- superset with Standing Barbell Extensions | SETS: 6 | REPS: 8
- Cambered-Bar Preacher Curls | SETS: 6 | REPS: 8
- superset with Cable Pushdowns | SETS: 6 | REPS: 8
- Dumbbell Preacher Curls | SETS: 6 | REPS: 8
- superset with Cable Kickbacks | SETS: 6 | REPS: 8
It goes without saying that New York Giants running back Saquon Barkley and Los Angeles Rams running back Todd Gurley are insanely fit, but the pair took their athleticism to the next level when they combined two tough exercises to create one explosive move.
315-lb deadlift to 42 inch box jump
— SportsCenter (@SportsCenter) July 11, 2018
It’s a brutal combination of exercises, fitting for a pair of NFL running backs, but we don’t recommend you try this at home. There are a myriad of risks involved, from the bar rolling and hitting your ankles to you failing on the jump and landing on the bar.
If you want to build legs like a running back, try one of these five workouts geared toward lower-body strength and explosiveness.
CHEF’S TIP: Toasting the bun adds flavor and helps keep the tuna salad from squirting out onto the table (and your shirt).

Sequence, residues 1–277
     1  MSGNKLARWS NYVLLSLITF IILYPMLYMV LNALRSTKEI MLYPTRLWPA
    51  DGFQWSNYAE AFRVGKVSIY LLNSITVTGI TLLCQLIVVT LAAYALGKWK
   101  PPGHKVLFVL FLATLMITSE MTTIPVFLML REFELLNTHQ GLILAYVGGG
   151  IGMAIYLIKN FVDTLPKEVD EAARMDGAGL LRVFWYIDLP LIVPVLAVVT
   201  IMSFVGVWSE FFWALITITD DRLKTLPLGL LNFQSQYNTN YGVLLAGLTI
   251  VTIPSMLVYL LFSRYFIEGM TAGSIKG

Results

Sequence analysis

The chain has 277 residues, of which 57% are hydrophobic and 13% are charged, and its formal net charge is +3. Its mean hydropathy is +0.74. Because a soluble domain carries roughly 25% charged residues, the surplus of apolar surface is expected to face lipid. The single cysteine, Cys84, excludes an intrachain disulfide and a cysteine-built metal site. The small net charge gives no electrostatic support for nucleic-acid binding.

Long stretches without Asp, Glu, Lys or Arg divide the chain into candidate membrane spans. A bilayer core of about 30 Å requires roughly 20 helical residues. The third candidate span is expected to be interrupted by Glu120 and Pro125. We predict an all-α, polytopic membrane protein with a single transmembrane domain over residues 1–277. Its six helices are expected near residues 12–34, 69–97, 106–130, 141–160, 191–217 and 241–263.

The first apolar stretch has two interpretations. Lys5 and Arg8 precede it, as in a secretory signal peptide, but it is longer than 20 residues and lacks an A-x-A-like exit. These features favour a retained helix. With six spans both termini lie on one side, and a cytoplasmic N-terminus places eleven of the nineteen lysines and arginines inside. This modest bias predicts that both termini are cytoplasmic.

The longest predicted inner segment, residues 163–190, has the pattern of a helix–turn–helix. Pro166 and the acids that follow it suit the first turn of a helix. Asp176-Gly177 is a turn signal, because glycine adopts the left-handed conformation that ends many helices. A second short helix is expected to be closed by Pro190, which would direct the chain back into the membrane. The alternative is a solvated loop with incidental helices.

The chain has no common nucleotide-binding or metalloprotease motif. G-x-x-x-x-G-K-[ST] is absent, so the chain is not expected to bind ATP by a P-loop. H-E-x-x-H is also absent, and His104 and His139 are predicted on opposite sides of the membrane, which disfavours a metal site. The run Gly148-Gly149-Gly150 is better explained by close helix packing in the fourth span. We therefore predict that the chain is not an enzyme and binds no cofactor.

CHEF’S TIP: Flatbreads, naan, and bagel halves can serve as healthier pizza bases. But if you just need an authentic experience, try hitting up your local pizzeria. Most will sell you a ball of premade pizza dough.
By constantly working muscles and strengthening your tendons through intense and heavy resistance exercise, you can significantly increase your overall flexibility. Being consistently active and engaging in exercises that include multijoint movements flush the soft tissues that surround joints with blood. This helps increase your flexibility.
Lifting heavy weights without stretching first can put undue stress on your joints and increase inflammation, leading to reduced flexibility. An increase in muscle mass—the addition of bigger and denser muscles hanging off your bones—may also limit your range of motion.
- Performing weighted movements that use a full range of motion was just as effective at improving flexibility as a program that was focused solely on static stretching, says a 2011 study published in the Journal of Strength and Conditioning Research.
- High-intensity strength training was shown to reduce joint pain and increase mobility, according to recent research that appeared in the Journal of Rheumatology.
- Simply following a program that involves resistance training sans stretching was shown to increase flexibility compared with a group that did no stretching or lifting, according to a study published in 2002 in the Journal of Strength and Conditioning Research.
We recommend you stretch before lifting. But even if you didn’t stretch at all, you can still improve your flexibility with strength training by itself.
Be sure to add in more functional and full-body exercises, which take your joints through a full range of motion, to your routine to ensure that you’re getting the full flexibility benefits of lifting weights. You’ll be more limber and have healthier joints and an overall improved musculoskeletal system.